Douglas, K.M. and Sutton, R.M.
The hidden impact of conspiracy theories: Perceived and actual impact of theories surrounding the death of Princess Diana.
Journal of Social Psychology, 148
ISSN 0022-4545 .
(Full text available)
The authors examined the perceived and actual impact of exposure to conspiracy theories surrounding the death of Diana, Princess of Wales, in 1997. One group of undergraduate students rated their agreement and their classmates' perceived agreement with several statements about Diana's death. A second group of students from the same undergraduate population read material containing popular conspiracy theories about Diana's death before rating their own and others' agreement with the same statements and perceived retrospective attitudes (i.e., what they thought their own and others' attitudes were before reading the material). Results revealed that whereas participants in the second group accurately estimated others' attitude changes, they underestimated the extent to which their own attitudes were influenced.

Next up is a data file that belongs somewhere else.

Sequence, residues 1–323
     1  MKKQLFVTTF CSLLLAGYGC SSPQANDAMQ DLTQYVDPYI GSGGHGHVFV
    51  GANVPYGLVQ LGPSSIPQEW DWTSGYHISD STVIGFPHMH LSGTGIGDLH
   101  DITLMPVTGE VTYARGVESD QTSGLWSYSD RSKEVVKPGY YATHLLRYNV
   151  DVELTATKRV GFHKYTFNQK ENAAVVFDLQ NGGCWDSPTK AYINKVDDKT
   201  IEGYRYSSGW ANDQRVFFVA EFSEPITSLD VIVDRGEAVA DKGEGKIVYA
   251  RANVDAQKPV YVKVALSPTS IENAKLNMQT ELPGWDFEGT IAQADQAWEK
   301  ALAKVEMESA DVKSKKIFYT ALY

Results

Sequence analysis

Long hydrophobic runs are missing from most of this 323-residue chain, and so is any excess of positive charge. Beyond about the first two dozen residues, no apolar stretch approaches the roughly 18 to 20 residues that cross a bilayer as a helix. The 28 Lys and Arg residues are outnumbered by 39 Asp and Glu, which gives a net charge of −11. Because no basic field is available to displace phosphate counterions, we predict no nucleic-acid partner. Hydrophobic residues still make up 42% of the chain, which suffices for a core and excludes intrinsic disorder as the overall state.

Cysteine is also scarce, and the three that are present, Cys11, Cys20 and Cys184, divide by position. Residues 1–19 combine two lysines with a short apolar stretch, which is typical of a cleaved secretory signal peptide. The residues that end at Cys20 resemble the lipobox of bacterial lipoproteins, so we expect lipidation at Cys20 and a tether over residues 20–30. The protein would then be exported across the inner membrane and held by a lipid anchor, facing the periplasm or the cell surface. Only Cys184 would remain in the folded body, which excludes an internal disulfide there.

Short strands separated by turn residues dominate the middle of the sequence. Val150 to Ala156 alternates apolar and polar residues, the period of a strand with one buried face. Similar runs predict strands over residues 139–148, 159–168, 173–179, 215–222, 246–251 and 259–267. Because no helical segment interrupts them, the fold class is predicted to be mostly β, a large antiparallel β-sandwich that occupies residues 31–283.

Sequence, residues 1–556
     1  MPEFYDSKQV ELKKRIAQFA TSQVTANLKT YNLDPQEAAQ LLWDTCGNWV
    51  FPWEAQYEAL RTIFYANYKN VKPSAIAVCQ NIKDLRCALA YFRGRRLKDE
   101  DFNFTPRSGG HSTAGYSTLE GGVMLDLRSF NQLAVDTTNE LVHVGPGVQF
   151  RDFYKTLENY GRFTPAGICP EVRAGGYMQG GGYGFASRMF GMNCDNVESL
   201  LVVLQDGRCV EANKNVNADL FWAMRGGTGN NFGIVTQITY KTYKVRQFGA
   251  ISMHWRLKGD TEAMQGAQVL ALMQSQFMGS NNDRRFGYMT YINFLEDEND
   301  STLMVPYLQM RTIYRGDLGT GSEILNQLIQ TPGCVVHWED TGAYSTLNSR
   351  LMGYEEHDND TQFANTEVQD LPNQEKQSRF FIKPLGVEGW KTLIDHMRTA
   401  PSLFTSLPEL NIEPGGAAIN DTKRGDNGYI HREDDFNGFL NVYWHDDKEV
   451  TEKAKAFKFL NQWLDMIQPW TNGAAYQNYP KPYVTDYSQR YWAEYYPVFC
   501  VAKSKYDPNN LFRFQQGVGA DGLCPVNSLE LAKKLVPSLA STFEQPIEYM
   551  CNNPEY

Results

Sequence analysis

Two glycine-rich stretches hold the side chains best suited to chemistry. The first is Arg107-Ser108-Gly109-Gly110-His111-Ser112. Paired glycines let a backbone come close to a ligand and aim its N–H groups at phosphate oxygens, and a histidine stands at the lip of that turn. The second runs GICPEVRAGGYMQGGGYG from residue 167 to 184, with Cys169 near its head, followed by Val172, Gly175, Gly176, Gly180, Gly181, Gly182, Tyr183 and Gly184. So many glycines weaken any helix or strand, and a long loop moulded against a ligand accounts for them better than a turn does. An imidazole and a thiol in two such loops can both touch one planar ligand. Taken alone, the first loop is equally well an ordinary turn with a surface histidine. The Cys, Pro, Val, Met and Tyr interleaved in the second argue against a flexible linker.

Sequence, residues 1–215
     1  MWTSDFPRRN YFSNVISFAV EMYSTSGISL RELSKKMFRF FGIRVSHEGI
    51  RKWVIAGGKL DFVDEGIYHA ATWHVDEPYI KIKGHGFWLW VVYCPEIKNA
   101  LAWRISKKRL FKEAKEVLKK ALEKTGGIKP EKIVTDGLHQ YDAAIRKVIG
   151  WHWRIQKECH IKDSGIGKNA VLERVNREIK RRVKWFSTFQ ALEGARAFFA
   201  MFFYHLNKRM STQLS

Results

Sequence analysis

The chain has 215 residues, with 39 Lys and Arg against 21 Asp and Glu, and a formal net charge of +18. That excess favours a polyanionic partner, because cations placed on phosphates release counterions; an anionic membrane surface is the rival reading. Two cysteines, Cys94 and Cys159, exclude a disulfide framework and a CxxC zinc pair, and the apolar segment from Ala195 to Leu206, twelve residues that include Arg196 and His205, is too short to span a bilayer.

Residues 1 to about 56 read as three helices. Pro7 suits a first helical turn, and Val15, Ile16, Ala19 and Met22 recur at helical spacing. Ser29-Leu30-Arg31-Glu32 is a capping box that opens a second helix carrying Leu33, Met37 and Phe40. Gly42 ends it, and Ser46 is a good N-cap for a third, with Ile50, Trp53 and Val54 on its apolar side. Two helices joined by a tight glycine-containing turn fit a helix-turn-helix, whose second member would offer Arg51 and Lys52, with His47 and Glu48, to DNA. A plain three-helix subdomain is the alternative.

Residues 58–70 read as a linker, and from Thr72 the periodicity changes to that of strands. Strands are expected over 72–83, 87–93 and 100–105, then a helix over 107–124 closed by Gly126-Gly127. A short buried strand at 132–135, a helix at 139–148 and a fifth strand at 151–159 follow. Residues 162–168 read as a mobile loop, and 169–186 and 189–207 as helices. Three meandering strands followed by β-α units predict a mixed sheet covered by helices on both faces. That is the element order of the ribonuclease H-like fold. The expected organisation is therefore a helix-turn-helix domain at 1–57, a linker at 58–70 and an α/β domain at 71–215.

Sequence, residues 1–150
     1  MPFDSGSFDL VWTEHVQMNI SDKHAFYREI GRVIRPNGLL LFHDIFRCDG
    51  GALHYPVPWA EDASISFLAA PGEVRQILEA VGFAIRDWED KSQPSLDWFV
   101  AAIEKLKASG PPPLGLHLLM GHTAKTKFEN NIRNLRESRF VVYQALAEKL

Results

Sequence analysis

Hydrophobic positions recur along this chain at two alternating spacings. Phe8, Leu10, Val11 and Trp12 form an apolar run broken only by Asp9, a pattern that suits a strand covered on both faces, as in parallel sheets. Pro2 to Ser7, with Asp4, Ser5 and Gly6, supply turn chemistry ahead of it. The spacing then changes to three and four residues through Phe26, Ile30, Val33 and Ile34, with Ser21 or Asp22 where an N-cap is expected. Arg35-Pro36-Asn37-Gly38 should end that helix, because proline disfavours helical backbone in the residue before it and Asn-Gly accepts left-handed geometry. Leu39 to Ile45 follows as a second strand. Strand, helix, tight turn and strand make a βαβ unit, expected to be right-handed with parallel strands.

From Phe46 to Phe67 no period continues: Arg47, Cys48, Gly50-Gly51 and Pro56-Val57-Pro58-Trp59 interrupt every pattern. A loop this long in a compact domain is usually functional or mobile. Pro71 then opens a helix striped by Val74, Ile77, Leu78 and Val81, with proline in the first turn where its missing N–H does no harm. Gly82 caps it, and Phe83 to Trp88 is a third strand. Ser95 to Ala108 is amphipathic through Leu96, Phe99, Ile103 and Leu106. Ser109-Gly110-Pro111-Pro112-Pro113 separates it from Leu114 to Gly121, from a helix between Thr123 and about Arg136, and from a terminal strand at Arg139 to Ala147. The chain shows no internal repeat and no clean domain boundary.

the annual meeting of the British Psychological Society (Social Psychology Section)
||attitude change or persuasion; conspiracy theories; self-other bias; third-person effect
||B Philosophy. Psychology. Religion > BF Psychology
||Faculties > Social Sciences > School of Psychology
||15 May 2009 07:57
||10 Jan 2014 13:04
||http://kar.kent.ac.uk/id/eprint/18928 (The current URI for this page, for reference purposes)
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